April 24, 2021

I went on a virtual excursion to Isleboro, Maine on the morning of Sunday, April 11. Our artist host gets to live near that part of Maine year-round. Based on what she told us of her life there it sounded like there really weren’t too many who over winter in the coastal parts of Maine—the weather can be very severe that time of year. But it seems that she lives there year-round and enjoys all the seasons. She shared photos of rocky coasts, fishing boats and a couple lighthouses. Her Maine home looks to be a charming Victorian covered with split shingles made of cedar. The house’s exterior has taken on a lovely silver patina—guessing the cold damp weather contributed to that “weathered” color. Her choice of photos was very interesting as she had pictures of some of the same spots at high tide and low tide. She showed us places in the fog and in the sunshine. She also had several pictures with the sun going down over the water, reminding us to be sure to notice the muted and interesting hues at that time of the day at that time of year. She was a really good guide for those of us who have never been to that part of the country. But I am guessing that I would be Maine’s fair weather friend, only visiting in summer and/or early autumn. (Guess I’m a little spoiled to live in SoCal, with our “banana belt” winters.)

She chose 3 pictures for us to sketch and I have shared the first two sketches I did that morning. I didn’t include my third one as it just didn’t capture the “light” of the sun going down on the bay. (It actually kind of looked like a card you might send to  someone around the holidays. Somehow I made the conifers around the water look like Christmas trees.) I was pretty happy with these two. The rocky coast scene was done with a paired down set of Prismacolor colored pencils on smooth Bristol board. The bay with boats was also done with the same colors, but I used a sheet of semi-transparent acetate for that one. But the real story for this week, besides virtually visiting a new place earlier in the month, is the materials I used for these sketches—my beautiful and beloved Prismacolor colored pencils. Last Sunday morning, 4/18, I gave a Prismacolor colored pencil demo to my LA urban sketching buddies. I wanted to share with them my renewed obsession of how to create what I call my tiny urban jewels with just some Prismacolor colored pencils.

Not sure you would be interested, but here’s the invitation I posted to entice them to join me for the virtual demo. 

Top SoCal “urban sketch,” March 21, 2021 (Prismacolor colored pencil on acetate)
Bottom SoCal “urban sketch,” March 22, 2021 (Prismacolor colored pencils on smooth surface Bristol board)

“In the early 90s I was a scientific illustrator at the CAL Academy of Sciences. I worked for a couple botanists and an entomologist there. All of my art was done with pen and ink on Bristol board for the botany folks, and pen and ink on acetate for my drawings of wasp genitalia for entomology. Along the way I took some classes at the Academy on how to use Prismacolor colored pencils. And I was off like a shot—using those lusciously waxy pencils for a variety of subjects on Bristol board and on acetate. I also learned to use them in conjunction with watercolors on Strathmore cold press illustration board and with gouache on Canson toned paper. 

I have recently started using them in earnest for my urban sketches. (And here are a couple examples of my latest obsession.) I have bags and bags of those colored pencils, but for the “on the scene” sketches I have been doing lately I have paired that number down to 12 – 15 pencils. That seems to work for me. All you need to remember is that because they are made with a lot of wax, do not leave them in the sun or they can kind of melt a little.”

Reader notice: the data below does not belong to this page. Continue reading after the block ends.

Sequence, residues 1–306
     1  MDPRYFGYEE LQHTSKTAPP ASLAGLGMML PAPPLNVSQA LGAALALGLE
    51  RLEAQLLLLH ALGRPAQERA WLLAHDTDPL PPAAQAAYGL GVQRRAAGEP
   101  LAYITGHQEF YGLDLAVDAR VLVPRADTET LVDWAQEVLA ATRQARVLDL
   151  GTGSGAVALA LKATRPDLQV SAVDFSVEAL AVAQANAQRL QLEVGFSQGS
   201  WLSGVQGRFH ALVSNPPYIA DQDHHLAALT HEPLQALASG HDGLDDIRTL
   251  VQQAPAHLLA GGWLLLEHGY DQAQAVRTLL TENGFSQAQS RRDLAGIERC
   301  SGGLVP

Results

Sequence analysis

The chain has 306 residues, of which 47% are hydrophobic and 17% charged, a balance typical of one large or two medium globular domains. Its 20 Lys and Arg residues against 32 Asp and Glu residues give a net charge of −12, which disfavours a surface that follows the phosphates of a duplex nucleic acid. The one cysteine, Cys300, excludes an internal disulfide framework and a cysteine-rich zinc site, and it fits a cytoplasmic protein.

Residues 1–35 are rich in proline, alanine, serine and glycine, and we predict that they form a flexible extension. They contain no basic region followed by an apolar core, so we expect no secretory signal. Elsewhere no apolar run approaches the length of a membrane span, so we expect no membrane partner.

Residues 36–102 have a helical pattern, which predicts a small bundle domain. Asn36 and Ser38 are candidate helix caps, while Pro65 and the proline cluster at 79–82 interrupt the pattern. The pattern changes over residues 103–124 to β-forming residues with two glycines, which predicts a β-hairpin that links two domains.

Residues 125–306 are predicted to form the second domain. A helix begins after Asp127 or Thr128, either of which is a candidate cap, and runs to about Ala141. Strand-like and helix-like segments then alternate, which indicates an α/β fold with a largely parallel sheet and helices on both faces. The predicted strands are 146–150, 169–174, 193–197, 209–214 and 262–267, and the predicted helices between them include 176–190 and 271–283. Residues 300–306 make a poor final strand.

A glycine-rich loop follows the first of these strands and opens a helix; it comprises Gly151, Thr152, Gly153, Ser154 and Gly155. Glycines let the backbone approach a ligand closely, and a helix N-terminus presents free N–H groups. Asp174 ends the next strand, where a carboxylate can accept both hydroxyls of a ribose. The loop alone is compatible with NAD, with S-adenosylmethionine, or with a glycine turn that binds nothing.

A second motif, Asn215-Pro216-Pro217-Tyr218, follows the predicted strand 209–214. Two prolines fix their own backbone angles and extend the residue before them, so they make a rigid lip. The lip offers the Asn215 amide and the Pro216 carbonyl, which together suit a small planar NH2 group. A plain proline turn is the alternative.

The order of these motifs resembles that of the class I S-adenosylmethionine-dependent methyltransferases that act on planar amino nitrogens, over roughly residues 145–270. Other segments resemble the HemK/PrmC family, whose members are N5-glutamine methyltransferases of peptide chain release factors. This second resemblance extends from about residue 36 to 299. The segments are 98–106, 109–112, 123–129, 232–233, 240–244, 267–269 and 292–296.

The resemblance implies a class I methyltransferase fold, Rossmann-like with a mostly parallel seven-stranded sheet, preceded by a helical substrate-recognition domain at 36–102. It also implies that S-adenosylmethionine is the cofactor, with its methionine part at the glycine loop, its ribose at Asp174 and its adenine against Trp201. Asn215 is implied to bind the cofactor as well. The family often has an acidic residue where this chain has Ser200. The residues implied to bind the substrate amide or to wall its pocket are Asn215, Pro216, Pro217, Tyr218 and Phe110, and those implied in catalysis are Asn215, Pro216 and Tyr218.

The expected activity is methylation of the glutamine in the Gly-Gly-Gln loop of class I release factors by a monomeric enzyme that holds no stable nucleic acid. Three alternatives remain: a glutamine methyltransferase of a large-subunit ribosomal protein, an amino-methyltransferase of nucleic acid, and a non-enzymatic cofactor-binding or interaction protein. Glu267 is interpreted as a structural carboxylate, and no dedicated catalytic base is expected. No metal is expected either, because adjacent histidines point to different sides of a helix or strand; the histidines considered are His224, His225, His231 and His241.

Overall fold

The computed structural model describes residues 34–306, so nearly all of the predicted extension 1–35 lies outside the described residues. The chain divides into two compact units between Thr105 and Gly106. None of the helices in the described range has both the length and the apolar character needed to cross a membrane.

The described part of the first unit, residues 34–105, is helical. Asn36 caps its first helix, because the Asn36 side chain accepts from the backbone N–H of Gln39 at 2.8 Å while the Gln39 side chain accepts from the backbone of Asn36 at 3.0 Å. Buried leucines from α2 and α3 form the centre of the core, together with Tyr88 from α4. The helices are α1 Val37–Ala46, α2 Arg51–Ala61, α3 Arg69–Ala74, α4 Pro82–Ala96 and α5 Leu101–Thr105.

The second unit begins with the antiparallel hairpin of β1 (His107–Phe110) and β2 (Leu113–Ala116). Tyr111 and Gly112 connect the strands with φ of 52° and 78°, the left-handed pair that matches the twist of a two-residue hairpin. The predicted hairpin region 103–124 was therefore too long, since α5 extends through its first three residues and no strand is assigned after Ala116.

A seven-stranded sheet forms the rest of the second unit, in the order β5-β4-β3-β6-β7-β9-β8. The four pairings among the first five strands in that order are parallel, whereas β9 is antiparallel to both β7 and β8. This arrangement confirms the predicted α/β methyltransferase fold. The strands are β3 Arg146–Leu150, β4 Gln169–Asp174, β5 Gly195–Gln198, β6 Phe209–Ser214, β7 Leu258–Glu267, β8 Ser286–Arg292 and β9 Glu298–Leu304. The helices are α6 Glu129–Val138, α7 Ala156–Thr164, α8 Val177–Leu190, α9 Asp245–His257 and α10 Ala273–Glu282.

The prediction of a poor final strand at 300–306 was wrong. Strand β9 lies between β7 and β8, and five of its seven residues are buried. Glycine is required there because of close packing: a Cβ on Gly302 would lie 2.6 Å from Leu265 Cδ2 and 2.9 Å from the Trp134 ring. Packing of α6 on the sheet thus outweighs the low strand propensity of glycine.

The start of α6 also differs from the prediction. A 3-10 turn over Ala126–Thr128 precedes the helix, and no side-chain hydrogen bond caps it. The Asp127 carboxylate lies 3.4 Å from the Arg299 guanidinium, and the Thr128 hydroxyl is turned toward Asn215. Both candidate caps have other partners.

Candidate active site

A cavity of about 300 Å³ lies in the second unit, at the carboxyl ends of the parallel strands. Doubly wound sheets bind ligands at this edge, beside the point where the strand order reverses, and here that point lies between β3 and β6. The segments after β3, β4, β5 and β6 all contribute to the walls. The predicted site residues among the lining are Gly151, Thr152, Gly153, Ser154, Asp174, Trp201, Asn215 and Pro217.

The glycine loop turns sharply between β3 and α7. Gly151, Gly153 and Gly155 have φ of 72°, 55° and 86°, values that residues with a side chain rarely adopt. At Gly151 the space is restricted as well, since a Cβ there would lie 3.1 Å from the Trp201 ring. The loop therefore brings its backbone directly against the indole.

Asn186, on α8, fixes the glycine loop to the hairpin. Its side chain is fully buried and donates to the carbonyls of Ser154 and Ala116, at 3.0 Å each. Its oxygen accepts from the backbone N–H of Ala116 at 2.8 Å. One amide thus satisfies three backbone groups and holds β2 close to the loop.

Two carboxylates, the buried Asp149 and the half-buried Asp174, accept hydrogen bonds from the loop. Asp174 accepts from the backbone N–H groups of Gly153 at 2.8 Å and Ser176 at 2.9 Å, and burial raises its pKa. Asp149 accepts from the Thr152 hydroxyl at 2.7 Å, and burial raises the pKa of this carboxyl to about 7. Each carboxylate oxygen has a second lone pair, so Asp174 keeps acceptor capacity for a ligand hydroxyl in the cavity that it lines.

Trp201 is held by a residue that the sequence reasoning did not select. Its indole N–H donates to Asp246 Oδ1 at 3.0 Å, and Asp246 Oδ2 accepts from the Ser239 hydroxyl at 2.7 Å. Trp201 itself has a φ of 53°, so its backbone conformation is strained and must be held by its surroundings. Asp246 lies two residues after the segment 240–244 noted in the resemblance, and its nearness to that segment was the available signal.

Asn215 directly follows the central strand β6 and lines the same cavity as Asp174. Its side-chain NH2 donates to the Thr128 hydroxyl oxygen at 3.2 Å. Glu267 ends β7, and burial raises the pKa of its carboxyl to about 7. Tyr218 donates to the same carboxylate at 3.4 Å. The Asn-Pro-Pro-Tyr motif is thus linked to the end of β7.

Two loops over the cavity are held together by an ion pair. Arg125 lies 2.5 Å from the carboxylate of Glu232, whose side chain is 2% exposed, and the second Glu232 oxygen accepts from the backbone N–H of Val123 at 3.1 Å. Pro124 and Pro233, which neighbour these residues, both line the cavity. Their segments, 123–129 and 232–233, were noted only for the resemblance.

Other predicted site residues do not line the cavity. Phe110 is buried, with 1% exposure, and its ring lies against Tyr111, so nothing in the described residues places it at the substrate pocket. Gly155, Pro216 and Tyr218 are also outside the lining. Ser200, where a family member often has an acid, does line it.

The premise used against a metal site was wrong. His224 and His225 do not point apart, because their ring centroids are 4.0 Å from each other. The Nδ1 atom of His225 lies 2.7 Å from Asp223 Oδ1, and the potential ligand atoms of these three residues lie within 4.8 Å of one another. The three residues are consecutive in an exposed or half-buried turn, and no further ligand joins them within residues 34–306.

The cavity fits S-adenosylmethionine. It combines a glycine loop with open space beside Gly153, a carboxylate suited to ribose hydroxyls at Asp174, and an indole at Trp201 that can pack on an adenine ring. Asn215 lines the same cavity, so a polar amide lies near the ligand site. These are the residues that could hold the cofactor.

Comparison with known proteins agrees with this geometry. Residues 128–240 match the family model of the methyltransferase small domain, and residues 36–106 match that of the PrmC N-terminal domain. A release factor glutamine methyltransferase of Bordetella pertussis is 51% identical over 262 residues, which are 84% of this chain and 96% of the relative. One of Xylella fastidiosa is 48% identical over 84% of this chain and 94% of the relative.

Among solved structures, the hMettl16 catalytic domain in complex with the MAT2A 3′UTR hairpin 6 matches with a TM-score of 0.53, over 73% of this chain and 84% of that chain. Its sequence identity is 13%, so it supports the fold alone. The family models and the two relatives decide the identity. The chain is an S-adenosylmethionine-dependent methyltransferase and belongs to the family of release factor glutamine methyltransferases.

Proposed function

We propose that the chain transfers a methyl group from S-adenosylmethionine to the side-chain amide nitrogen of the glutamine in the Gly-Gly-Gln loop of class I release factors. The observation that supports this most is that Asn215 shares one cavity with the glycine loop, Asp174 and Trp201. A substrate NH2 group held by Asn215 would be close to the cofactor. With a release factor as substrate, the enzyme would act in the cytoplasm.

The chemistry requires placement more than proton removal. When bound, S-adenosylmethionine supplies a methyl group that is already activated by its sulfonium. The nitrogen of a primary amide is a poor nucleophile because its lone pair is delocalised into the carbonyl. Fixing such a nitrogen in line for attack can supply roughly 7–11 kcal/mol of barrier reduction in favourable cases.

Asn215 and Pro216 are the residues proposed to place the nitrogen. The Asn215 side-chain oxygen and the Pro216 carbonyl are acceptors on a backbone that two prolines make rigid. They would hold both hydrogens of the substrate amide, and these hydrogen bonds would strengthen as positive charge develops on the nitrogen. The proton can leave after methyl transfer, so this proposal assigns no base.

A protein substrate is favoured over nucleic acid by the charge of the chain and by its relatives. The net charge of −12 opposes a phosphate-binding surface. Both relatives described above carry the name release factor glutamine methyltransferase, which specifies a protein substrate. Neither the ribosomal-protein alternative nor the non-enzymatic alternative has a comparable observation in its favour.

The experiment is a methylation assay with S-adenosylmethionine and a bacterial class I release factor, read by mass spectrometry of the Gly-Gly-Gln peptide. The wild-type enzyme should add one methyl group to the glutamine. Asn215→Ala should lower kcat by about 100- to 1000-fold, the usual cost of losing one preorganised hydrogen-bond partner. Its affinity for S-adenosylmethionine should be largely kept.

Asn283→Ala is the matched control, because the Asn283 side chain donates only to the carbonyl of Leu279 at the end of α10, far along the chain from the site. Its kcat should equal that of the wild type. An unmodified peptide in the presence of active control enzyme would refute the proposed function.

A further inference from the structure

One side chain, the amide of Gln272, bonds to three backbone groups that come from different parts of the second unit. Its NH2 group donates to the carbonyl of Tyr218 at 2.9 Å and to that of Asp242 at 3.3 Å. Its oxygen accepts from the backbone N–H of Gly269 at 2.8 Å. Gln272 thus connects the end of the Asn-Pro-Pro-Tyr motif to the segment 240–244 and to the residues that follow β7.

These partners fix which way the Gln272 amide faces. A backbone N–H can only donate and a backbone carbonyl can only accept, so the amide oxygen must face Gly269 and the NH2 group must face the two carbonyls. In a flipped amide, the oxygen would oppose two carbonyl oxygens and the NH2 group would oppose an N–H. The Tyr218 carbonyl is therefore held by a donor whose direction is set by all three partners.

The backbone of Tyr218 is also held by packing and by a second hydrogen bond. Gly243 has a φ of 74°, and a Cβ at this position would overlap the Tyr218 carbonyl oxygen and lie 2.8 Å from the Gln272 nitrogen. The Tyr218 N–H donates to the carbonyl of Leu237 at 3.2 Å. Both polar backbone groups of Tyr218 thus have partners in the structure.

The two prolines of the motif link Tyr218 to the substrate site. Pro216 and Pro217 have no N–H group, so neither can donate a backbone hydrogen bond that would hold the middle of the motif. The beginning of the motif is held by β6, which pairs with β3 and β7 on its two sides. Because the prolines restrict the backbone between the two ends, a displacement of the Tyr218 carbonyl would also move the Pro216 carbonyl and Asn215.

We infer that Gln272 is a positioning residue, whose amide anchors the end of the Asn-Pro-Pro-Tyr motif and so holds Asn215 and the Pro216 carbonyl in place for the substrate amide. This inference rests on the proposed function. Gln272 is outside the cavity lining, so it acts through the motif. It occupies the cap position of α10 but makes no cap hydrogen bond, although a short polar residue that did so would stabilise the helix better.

The demo went well, but I was nervous and glad when it was all over.

More on Maine

Visiting Isleboro Maine reminded me of Robert McCloskey. If you are not familiar with him, he wrote and illustrated a number of children’s picture books in the 40s, 50s and 60s. His stories are sweetly stuck in a long ago time, but the art of Maine in his “Time of Wonder” seems timeless to me. “Time of Wonder” won the Caldecott Medal in 1958. It was fun to look back at that book after my virtual journey to Isleboro. (Mr. McCloskey even mentions Islesboro in the story.) I told my son that I thought that part of Maine lovely and picturesque, especially when looking at McCloskey’s wonderfully color-saturated art depicting it’s coastal people and places. Of course my son had to remind me of the many Stephen King books that are set in Maine. Oh dear, not sure I want my imaginings of “Maine” to include it as a place of horror right now, or ever, for that matter.

And a final word about the end of April 2021

I have been listening to a Bill Evans Trio (with Stan Getz) live recording of “Emily” quite a bit lately. When I was pregnant with my son I wasn’t sure if I was having a boy or girl. I had chosen the name Henry for a boy and Emily for a girl. Many afternoons my dad would cue up “Emily” on his “Scott Hamilton Plays Ballads CD.” (The song is often associated with the Bill Evans Trio, but the music was written by Johnny Mandell and lyrics by Johnny Mercer.) My dad knew that if I was in the house I would come to find him so we could listen to “Emily” together. It pleased him so much that we could communicate so specifically with his music. Now I find myself playing Bill Evans’s version of “Emily” all the time, hoping that he will come looking for me. And maybe he does. I can still see his smile in my mind as we quietly listen to the music together. Happy Birthday dad, 4/25. I miss you so much, but at least I’ll always have you with your music.

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